E.T. Products had severed its relationship with Petroleum
Solutions, he told Kuhns that he could no longer assist him
in the additives business due to his obligations to
E.T. Products under the noncompetition agreement. Kuhns’s
lease of the business property continued uninterrupted, but
the Millers thereafter ceased all assistance to Kuhns and his
Litigation soon followed. The Millers filed suit in state
court accusing E.T. Products of violating a release.
E.T. Products responded with this federal suit accusing the
Millers of breaching the noncompetition agreement. The
cases were eventually consolidated in federal court, and the
parties filed cross-motions for summary judgment.
After carefully reviewing the record, the judge delivered
a split decision, ruling for the defense in each case. First, the
judge awarded judgment to E.T. Products in the suit for
violation of the release. The Millers have not sought review
of that ruling, so we need say no more about it.
In the suit for breach of the noncompetition agreement,
the Millers prevailed against E.T. Products, and that ruling is
the subject of this appeal. The Millers maintained that the
noncompete was overbroad and unenforceable, but the
judge rejected that argument. The judge went on to hold,
however, that the evidence conclusively established that the
Millers did not commit a breach because Petroleum
Solutions did not directly or indirectly compete with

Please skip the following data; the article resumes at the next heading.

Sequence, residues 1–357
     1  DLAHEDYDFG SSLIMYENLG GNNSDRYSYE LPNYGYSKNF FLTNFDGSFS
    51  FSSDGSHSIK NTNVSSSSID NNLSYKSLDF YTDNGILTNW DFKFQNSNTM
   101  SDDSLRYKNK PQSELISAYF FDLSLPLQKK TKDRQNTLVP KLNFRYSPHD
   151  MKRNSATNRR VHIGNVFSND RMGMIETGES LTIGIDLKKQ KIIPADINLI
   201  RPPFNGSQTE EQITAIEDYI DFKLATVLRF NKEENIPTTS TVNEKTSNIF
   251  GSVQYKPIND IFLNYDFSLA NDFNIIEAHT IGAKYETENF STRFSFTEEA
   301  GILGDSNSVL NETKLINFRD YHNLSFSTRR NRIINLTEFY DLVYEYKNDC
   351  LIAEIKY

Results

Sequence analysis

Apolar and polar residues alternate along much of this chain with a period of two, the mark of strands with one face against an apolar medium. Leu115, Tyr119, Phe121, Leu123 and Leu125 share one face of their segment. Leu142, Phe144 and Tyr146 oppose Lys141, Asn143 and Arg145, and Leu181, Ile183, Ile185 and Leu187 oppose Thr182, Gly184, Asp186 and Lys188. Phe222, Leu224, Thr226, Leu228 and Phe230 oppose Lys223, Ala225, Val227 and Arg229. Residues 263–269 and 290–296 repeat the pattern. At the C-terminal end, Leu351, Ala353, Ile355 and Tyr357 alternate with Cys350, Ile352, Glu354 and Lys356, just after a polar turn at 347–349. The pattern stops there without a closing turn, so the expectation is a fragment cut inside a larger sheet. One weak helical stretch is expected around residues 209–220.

E.T. Products during the time period when the Millers were
Two issues are presented for our review: (1) is the noncompete enforceable and (2) did the Millers violate it? Issues
of contract interpretation and enforceability are questions of
law and the case comes to us from a summary judgment, so
our review is de novo. See Cincinnati Ins. Co. v. H.D. Smith,
L.L.C., 829 F.3d 771, 773 (7th Cir. 2016) (“The issue is contract
interpretation and the posture is an appeal of summary
judgment, so our review is de novo.”); Quality Oil, Inc. v.
Kelley Partners, Inc., 657 F.3d 609, 612 (7th Cir. 2011). And
since we’re sitting in diversity and applying Indiana law,
our task is to predict how the Indiana Supreme Court would
rule if the case were before it. Doermer v. Callen, 847 F.3d 522,
527 (7th Cir. 2017).
A. Enforceability of the Noncompete
One of the assets typically transferred in a business sale
is goodwill, an intangible asset that includes the value of the